|Publication number||US4107049 A|
|Application number||US 05/736,071|
|Publication date||Aug 15, 1978|
|Filing date||Oct 27, 1976|
|Priority date||Oct 30, 1975|
|Also published as||DE2649543A1|
|Publication number||05736071, 736071, US 4107049 A, US 4107049A, US-A-4107049, US4107049 A, US4107049A|
|Inventors||Takezo Sano, Takatoshi Shimomura, Masao Sasaki, Ichiki Murase|
|Original Assignee||Sumitomo Chemical Company, Limited|
|Export Citation||BiBTeX, EndNote, RefMan|
|Patent Citations (6), Non-Patent Citations (1), Referenced by (21), Classifications (25)|
|External Links: USPTO, USPTO Assignment, Espacenet|
The present invention relates to a method for the preparation of novel semipermeable membranes. More particularly, it relates to a method for the preparation of semipermeable membranes having not only an extremely high strength but also a high water permeability and high selectivity, which comprises exposing porous membranes made of polyacrylonitrile type copolymers to a plasma comprising a gaseous organic compound or the mixture of said gaseous organic compound and an inert gas.
Semipermeable membranes now in industrial production are cellulose acetate membranes produced according to the method of Loeb and Sourirajan (U.S. Pat. Nos. 3,133,132 and 3,133,137) or by similar methods. Although these membranes are very highly permeable to water but not to sodium chloride, they deteriorate in performance owing to the inherent susceptibility of cellulose acetate to hydrolysis. As a result, the ability to remove solutes, including sodium chloride becomes poor with the lapse of time, and the life of cellulose acetate membranes is limited.
Further, Loeb's method for the preparation of an asymmetric membrane having a skin structure requires a high-level technique and severe operating conditions. Comsequently, this method is only successful in a few cases of synthetic high-polymers besides cellulose acetate. This is due to the fact that it is difficult to properly select the casting solvent, the additives, the composition and temperature of the casting solution, the atmosphere wherein evaporation of the solvent occurs, and the temperature of the atmosphere. Therefore, this method may not be said to be widely applicable.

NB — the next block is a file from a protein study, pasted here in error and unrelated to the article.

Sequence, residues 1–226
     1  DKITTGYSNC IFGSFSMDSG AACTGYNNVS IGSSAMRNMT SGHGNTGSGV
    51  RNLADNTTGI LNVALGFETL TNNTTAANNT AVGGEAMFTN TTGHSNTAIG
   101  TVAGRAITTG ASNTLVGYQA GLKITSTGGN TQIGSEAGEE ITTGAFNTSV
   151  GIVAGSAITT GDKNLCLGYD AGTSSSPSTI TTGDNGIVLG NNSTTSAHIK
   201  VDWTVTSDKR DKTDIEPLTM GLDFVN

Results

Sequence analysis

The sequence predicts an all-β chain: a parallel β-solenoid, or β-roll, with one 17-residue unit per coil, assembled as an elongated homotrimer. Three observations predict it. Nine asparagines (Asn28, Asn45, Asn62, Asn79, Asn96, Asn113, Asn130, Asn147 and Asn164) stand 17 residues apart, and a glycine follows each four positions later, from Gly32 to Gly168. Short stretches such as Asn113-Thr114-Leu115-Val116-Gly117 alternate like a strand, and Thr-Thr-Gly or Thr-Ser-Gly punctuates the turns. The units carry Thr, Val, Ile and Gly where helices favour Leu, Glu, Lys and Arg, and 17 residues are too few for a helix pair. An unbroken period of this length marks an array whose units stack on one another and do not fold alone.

Further, in recent years, various attempts have been made to prepare a polyacrylonitrile type semipermeable membrane which is superior to cellulose acetate in chemical, mechanical, and thermal properties, and in water permeability (for example Japanese Patent Publication (unexamined) Nos. 6257/1972 and 43,878/1974). These attempts were intended to form a skin layer and a supporting layer at the same time by the above described casting process. However, the resulting membranes did not have stable performance, because selection of proper casting conditions is very difficult. In the case of polyacrylonitrile type polymers formation of the skin layer is difficult to achieve by the casting process.